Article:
Jan 13, 2023 9:24:39 PM | 5 min read
It’s probably not a stretch to say that most of us—as both professionals and consumers—are worried about the current state of the economy. The constant talk of an imminent recession and the announcements of huge corporate layoffs are hard to escape.
And while we in the tech industry watch our friends at companies like Amazon, Vimeo, and Salesforce lose their jobs, we can at least find a little comfort in the fact that our colleagues in the accounting industry have been largely spared from these harsh layoffs.
That doesn’t mean, however, that our industry as a whole is immune. Just this week, Accounting Today published an article reporting that “employment in accounting and bookkeeping services fell by 1,100 jobs.” What’s not clear is why those jobs were lost.
Was the primary cause that firms are hunkering down and tightening belts and budgets as they prepare for a recession? It’s definitely possible. It’s also possible, however, that those jobs are part of the larger trend we’ve seen in the last few years—of professionals leaving the field voluntarily due to burnout, overwork, and poor firm culture.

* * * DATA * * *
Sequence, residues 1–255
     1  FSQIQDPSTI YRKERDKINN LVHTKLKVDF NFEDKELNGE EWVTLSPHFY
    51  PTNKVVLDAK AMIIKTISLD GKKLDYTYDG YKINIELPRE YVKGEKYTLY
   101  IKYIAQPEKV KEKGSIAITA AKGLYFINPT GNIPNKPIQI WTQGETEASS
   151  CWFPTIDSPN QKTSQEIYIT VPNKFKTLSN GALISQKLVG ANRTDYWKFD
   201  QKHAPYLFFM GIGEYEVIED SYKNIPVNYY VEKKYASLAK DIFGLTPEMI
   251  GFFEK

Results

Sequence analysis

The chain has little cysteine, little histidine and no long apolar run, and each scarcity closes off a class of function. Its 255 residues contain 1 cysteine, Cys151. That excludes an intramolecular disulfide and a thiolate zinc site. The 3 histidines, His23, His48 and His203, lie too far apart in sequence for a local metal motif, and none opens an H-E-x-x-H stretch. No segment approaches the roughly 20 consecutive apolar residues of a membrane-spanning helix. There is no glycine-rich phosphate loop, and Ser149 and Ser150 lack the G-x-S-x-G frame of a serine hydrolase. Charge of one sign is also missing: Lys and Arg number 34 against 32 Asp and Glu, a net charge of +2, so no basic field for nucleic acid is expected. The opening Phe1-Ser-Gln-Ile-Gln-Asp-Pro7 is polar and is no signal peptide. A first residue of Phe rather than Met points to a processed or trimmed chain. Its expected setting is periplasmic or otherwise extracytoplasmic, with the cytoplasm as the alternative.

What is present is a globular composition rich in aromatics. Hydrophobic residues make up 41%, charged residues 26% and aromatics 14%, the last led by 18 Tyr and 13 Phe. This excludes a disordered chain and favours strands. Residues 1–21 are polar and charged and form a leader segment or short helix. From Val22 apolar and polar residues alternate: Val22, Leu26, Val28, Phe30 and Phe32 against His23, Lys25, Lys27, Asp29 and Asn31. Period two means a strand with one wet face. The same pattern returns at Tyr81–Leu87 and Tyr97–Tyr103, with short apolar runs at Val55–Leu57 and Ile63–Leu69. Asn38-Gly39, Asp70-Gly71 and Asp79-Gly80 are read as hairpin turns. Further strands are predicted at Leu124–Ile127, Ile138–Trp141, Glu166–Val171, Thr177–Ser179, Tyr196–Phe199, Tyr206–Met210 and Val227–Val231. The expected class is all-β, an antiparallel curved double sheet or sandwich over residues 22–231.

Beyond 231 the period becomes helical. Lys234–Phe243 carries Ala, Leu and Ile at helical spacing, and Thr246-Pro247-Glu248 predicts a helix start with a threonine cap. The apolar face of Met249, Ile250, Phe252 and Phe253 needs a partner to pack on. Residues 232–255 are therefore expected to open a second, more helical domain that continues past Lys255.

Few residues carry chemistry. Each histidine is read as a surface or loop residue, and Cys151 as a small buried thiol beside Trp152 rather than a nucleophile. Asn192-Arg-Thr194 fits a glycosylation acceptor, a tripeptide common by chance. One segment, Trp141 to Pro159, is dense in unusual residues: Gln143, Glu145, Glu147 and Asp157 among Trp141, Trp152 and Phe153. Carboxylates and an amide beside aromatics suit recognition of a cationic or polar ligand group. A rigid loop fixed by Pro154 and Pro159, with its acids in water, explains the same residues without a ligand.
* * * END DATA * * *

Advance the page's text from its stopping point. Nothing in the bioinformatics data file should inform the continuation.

By now, you’ve probably seen the stats: The number of accountants and auditors employed fell by 17% between 2019 and 2021. Fewer than 100,000 people take the CPA exam each year. Enrollment in accounting courses at colleges and universities fell by 4% between 2016 and 2019.
In fact, my younger brother just graduated from college with an accounting degree—but has no intention of becoming a CPA or even entering the field. His reason? Long hours and low pay.
It’s anecdotal, of course, but it doesn’t seem like too much of a stretch to believe that those 1,100 jobs the accounting industry lost in December may not be recession-related. Until the industry is ready to address some hard truths: that today’s employees require flexibility, a positive culture, and higher pay, this probably won’t be the last time we see employment numbers drop.